Photometric properties of the white LED were measured under continuouswave operation up to 350 mA.
Fig. 1
shows the measured spectrum of the white LED when injection current is 350 mA. Typical spectral shape of the phosphorconversion
Spectrum of a commercial phosphorconversionwhite LED measured at 25 ℃.
Luminous flux and luminous efficiency of the whiteLED as injection current increases up to 350 mA.
white LED with a blue LED and a yellow phosphor is observed. In this sample, the peak wavelength of blue light from the InGaN LED chip and yellow light from the phosphor exist around 450 and 555 nm, respectively.
Figure 2
shows the luminous flux and LE of the LED as current increases. The luminous flux increases linearly with injection current and it reaches ~100 lm at 350 mA. The peak value of LE is ~122 lm/W at 30 mA. However, LE decreases gradually with increasing current when current is larger than 30 mA, and it is reduced to ~88 lm at 350 mA. This decrease in LE of the white LED results mainly from the “efficiency droop” phenomena of the blue LED chip
[6

8]
.
Colorimetric characteristics of the measured white LED were also evaluated based on the standard by Commission International de I’Eclairage (CIE). The chromaticity coordinates in the CIE
xy
chromaticity diagram were measured to be (0.33, 0.35) at 350 mA. And, the CCT and the general color rendering index of the LED were obtained to be 5400 K and 0.75, respectively.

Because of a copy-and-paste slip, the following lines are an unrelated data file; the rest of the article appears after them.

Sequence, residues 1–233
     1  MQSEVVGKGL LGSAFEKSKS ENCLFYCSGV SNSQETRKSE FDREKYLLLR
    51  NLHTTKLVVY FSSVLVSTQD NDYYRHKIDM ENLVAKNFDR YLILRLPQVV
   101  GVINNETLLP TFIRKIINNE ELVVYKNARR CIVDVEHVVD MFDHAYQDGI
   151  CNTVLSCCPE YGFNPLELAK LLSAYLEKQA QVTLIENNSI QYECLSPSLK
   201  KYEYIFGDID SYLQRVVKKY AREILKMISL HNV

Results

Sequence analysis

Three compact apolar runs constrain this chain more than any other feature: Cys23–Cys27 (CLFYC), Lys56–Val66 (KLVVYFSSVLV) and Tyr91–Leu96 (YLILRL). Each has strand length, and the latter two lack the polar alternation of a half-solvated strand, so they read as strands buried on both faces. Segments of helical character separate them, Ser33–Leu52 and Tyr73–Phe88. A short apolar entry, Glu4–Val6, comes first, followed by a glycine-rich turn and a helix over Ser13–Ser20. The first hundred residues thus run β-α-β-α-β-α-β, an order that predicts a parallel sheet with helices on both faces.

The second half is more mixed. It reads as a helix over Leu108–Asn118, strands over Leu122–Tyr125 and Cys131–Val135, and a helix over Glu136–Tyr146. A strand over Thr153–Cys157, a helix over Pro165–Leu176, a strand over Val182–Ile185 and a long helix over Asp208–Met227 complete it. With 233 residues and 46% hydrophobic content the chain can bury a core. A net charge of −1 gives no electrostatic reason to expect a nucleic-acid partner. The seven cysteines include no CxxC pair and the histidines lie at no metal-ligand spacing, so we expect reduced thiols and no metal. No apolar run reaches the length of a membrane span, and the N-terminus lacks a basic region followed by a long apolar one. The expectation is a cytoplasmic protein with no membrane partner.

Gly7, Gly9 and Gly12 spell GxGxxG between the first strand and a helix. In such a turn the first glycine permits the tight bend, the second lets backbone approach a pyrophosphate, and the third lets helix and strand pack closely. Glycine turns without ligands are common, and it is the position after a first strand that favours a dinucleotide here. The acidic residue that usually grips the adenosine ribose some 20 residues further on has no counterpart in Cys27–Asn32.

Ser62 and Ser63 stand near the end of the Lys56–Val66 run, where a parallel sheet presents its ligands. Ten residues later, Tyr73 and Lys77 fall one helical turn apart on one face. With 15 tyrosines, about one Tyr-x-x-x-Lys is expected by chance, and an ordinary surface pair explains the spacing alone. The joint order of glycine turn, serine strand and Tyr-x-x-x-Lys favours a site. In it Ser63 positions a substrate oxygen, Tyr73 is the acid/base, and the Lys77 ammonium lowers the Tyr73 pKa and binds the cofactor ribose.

IV. RESULTS AND DISCUSSION
The theoretical limit of LE of the measured phosphorconversion white LED is calculated from Eqs. (6) and (12) using the spectrum in
Fig. 1
. Assuming that the radiative efficiency of the phosphor,
is 100%, the lowest limit of
α
can be obtained from Eq. (12).
P_{b}
and
P_{y}
in Eq. (4) are calculated by integrating the spectral region of the blue and the yellow light, respectively. Then, the ratio of the yellow light power to the blue light power,
R
is found to be 2.51 from Eq. (7). Using the obtained values of
R
and
the ratio of phosphor absorption,
α
is calculated to be 0.762 from Eq. (12). Consequently, from Eq. (6), LE is obtained as
Therefore, the maximum LE of the measured white LED will be 261 lm/W assuming that both WPE of the blue LED chip and the radiative efficiency of the yellow phosphor are 100%. By using the measured LE of the white LED in
Fig. 2
, the lower limit of WPE of the blue LED chip can be deduced from Eq. (13). The peak value of LE at 30 mA was 122 lm/W, which corresponds to WPE of >46.8%. That is, the maximum WPE of the blue LED chip inside the measured white LED is higher than 46.8%. The LE at 350 mA was measured to be 88 lm/W, which corresponds to WPE of >33.7%. Accurate values of WPE can be obtained when the radiative efficiency of the phosphor,
is known. Conversely, if the WPE of the blue LED chip is known, the radiative efficiency of the phosphor could be determined.
Eq. (13) implies that the theoretical limit of LE in the measured phosphorconversion white LED is 261 lm/W. The theoretical maximum LE can be increased further by optimizing the spectrum of the white LED because LE is strongly influenced by the spectral distribution of emitted light. Eq. (3) implies that good overlap of the yellow light spectrum with the eye sensitivity function is important for increasing LE. In addition, relative output power of the blue and the yellow light also plays an important role in LE. In order to see the effect of the relative ratio of the blue and the yellow light, LE is calculated as a function